Cassandra Nelson is a humanitarian aid worker with Mercy Corps. She spends most of her time deployed in hotspots and hostile areas. She has worked in Iraq, Darfur, Lebanon, South Sudan, Zimbabwe, Liberia, North Korea, Sri Lanka, Banda Aceh, Pakistan, Afghanistan and Iran. Here, in a second installment of her diary, she describes her experiences trying to provide relief in Gaza.
ASHKELON, Israel (CNN) -- Thursday, January 15
An aid recipient in Gaza hugs Mercy Corps staffer who brought aid to the home she is staying at.
It is noon and things have really started to deteriorate. I just found out about our staff in Gaza and events that are unfolding now:
We just heard from our head of office in Gaza City, and she told us that Hazar, one of our field coordinators, and her family are stuck in their apartment in Gaza City.
They are surrounded by Israeli tanks and there is plenty of shooting going on in their area. They are seeking cover in their corridor from the bullets; the shelling of nearby targets blew out the windows in their apartment.
They are anxiously waiting for the cease-fire to take effect that was announced for today from 11 a.m. to 15 a.m. to seek refuge elsewhere. It is noon now and the shooting has not stopped yet.
Meanwhile the home in Gaza City of the driver who has been transporting our food items from Kerem Shalom checkpoint and delivers them to our warehouse in Khan Yunis was completely destroyed last night and he spent the night in his truck in Rafah.
We are tracking the status of the three trucks we have coming from Rafah filled with medical supplies to be delivered to the Red Crescent hospital in Khan Yunis as soon they have crossed over but we will need to evaluate the situation carefully.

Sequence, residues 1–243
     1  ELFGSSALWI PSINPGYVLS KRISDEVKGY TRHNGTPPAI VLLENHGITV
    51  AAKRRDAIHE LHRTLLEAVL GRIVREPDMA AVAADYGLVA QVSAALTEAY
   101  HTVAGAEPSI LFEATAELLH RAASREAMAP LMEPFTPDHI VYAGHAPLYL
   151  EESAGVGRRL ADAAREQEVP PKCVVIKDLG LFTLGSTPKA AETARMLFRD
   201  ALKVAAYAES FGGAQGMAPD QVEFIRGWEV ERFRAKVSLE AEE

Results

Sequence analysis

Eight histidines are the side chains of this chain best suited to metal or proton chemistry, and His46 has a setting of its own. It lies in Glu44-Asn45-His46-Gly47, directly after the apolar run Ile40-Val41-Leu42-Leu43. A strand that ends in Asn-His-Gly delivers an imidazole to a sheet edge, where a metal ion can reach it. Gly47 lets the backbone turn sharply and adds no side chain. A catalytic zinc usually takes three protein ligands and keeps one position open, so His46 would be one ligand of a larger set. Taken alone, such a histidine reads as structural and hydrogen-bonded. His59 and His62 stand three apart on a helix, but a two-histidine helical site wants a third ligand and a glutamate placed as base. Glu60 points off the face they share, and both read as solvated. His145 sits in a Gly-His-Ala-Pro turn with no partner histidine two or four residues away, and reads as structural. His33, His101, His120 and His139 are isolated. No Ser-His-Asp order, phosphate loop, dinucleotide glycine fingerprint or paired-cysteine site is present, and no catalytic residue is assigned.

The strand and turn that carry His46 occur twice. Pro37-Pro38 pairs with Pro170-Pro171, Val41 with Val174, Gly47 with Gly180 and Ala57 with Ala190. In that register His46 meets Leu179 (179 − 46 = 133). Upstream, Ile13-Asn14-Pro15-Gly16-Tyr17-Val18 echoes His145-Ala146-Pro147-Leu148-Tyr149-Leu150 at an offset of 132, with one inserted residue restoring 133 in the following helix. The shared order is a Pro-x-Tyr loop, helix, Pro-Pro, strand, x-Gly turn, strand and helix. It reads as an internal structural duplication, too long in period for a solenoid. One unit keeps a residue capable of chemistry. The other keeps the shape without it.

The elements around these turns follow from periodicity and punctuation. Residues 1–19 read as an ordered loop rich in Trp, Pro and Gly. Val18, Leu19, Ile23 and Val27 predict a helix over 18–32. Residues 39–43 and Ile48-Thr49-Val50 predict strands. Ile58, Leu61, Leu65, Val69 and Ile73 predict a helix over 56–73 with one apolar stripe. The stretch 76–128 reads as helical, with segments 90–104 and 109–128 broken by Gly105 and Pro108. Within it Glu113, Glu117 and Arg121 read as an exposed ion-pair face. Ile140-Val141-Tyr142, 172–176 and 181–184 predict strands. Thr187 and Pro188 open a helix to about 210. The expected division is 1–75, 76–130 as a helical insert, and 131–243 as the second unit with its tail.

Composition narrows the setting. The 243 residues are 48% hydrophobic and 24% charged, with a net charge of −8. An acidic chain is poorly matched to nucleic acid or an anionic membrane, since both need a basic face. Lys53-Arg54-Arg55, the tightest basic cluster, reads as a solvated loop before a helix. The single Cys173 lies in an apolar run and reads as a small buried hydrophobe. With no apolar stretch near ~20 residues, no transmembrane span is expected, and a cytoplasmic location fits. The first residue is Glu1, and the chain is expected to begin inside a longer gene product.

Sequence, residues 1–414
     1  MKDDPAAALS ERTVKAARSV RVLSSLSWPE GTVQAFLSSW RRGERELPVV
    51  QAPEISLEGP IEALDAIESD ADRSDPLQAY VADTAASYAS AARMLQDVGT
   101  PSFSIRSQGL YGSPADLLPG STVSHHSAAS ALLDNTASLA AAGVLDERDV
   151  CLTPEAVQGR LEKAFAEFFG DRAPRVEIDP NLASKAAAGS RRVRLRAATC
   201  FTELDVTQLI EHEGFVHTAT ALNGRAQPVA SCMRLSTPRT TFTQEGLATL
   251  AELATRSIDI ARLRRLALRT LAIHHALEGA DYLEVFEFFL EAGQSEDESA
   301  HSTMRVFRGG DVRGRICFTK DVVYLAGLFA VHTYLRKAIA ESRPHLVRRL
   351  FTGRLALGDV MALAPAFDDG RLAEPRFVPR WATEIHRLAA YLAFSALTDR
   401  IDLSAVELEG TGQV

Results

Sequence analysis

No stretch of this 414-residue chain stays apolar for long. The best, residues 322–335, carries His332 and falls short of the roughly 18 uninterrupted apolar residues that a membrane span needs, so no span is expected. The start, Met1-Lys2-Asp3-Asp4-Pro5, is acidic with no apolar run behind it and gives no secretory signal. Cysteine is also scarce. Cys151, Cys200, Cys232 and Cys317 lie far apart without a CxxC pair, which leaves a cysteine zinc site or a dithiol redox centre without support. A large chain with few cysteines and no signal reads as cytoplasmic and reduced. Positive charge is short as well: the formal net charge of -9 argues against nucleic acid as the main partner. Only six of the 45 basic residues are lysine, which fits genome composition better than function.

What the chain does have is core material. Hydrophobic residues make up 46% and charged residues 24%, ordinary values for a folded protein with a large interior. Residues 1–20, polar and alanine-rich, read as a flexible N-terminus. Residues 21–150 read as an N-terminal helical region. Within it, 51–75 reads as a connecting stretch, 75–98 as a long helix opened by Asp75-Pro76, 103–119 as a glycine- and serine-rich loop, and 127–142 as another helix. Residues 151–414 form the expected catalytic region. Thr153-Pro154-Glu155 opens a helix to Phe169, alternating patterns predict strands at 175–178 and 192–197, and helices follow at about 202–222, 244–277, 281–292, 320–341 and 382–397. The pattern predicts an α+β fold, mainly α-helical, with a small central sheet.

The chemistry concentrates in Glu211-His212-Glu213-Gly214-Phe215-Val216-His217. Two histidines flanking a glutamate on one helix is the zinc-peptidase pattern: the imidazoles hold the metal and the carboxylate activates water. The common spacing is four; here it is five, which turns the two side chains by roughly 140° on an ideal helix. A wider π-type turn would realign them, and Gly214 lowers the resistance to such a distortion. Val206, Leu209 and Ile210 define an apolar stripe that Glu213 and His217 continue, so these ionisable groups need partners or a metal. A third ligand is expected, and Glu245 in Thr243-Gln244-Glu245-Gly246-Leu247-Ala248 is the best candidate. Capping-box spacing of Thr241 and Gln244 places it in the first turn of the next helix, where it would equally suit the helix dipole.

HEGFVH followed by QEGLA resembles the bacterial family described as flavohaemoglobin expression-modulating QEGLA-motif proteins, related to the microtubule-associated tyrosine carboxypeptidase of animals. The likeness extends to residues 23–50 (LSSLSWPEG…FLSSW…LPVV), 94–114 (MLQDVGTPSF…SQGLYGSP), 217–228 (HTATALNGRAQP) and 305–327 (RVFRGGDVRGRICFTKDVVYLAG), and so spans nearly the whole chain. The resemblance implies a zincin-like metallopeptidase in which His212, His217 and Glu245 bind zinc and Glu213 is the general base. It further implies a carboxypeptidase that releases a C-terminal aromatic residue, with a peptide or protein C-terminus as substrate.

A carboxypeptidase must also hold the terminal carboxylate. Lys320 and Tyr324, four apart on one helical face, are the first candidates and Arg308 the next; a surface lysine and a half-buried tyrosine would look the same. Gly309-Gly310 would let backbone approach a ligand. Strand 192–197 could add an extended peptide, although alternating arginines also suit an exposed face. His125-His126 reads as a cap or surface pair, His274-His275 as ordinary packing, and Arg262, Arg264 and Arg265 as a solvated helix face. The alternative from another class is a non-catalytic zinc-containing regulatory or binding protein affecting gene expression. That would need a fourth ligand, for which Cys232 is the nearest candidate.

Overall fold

Also, an UNRWA compound in Gaza city appears to have been hit. UNRWA have suspended their operations for today.
I am in Ashkelon on the border and can hear and feel the bombardments every couple minutes. It is making the glass in my windows shake here and I cannot imagine the terror the people in Gaza are feeling now.
Wednesday, January 14
The conflict has been raging for nearly three weeks but it seems much longer here. Everyone is exhausted and shocked that the fighting has been allowed to go on for so long, despite the staggering death tolls. Over 1,000 dead. Over 300 children dead. Where has humanity gone?
Mercy Corps has managed to get two trucks of food aid into Gaza since the Israeli military operation started, but it has been a frustrating and extremely slow process to get the permissions from the Israeli authorities. The number of humanitarian supply trucks allowed to enter Gaza is entirely insufficient given the extraordinary need created by the conflict.
We have resorted to buying whatever items possible within Gaza to supplement our truck deliveries and meet the emergency needs of the families in Gaza more quickly. We have a team of 25 Mercy Corps staff who live and work in Gaza and they have been scouring the local market for any stock available.